Kono Oto Tomare!: Sounds of Life
Episodes 1-2

by Lauren Orsini,

How would you rate episode 1 of
Kono Oto Tomare!: Sounds of Life (TV 1) ?

How would you rate episode 2 of
Kono Oto Tomare!: Sounds of Life (TV 1) ?

If you dropped Kono Oto Tomare!: Sounds of Life after one episode because it didn't have any actual koto-playing yet, I'd implore you to give it another look. This anime is based on a shonen manga that's been in print since 2012, with 19 tankobon volumes and counting! With a story that enduring, it's no wonder it took a little time to warm up the engine. By episode two, “Having What It Takes,” we've gotten to know each member of the story's main trio and heard two very different perspectives on koto music. This story is prioritizing character introductions first, so that when their shared interest in koto music finally takes center stage, we'll care about this hobby because we care about its participants.

Poor Kurata! He just wants to continue the koto club his upperclassmen left to him, but he's running into one problem after another. If it's not delinquents taking over his club room, it's their acquaintance Chika Kudo's brash attempt to rescue him. Once Kurata finally accepts Kudo and his troubled past, his second recruit is Satowa Hozuki, a haughty koto prodigy with her own ideas about the club. Between these two clashing personalities, Kurata already has his hands full. One thing that's certain; even though this anime is about one of Japan's oldest traditional instruments, its distinctly modern characters keep it fresh and vibrant, never stuffy or dry.

A series of misunderstandings drive the plot in the first two episodes—first between Kudo and Kurata (not to mention between Kudo and the world at large), and second between Hozuki and Kurata. In both cases, Kurata's new recruits walk in with an agenda to match their respective outsized personalities, and they have to learn that participating in a club means you can't just walk over everyone. For Kudo, this means becoming vulnerable, allowing others to accept and understand you even if you've been burnt before. For Hozuki, it means learning that no matter how talented you are, you can't do everything yourself—you need to be a team player. Although Kurata is arguably the least interesting of the three, with a muted personality and a one-note mission to make his upperclassmen proud, he's already the team's moral center. He's the one who brings the disparate Kudo and Hozuki together and provides each of them with the hard facts they need to hear at exactly the right time.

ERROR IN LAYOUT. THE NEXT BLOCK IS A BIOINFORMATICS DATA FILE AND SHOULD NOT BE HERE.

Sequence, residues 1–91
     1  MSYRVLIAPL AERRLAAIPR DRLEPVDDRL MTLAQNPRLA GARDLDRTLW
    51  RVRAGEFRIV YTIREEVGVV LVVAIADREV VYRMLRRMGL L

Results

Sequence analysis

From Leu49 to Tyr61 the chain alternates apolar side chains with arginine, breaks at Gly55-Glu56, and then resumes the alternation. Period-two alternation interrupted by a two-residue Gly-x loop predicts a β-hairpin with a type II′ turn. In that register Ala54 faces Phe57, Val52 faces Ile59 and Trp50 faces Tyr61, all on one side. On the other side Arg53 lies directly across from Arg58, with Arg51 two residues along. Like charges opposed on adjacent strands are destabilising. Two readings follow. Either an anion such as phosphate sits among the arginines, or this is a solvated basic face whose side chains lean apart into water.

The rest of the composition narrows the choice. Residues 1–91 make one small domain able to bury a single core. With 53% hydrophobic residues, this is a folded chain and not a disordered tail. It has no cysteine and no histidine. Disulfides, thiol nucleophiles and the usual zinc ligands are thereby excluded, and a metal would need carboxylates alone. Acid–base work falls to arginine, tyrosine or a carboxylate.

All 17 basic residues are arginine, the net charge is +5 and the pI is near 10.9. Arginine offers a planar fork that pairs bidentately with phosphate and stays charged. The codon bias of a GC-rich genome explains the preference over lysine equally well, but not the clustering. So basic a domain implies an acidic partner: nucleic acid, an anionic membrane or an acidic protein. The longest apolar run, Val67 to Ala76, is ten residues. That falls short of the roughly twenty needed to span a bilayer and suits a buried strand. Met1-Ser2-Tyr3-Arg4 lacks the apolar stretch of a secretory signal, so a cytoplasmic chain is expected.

So far this story has maintained a fast pace, but it's also used some cheap repetition to get there; I've never seen so many “storm out of the room” scenes happen in one anime so quickly. If Kono Oto Tomare!: Sounds of Life wants to keep our attention, it will need to move beyond the “easily-resolved misunderstanding” as a plot device. But there are already positive signs of growth. Neither Kudo nor Hozuki is the same person they were upon their introduction. Another strength of the show is that no matter the player's skill level, their koto playing has so far been depicted with a lot of heart. This show is only getting started, so I'm still seeing it more in terms of potential than true results, but the elements for a successful high school drama are already in place.


Kono Oto Tomare!: Sounds of Life is currently streaming on Funimation and Hulu.

Lauren writes about geek careers at Otaku Journalist.

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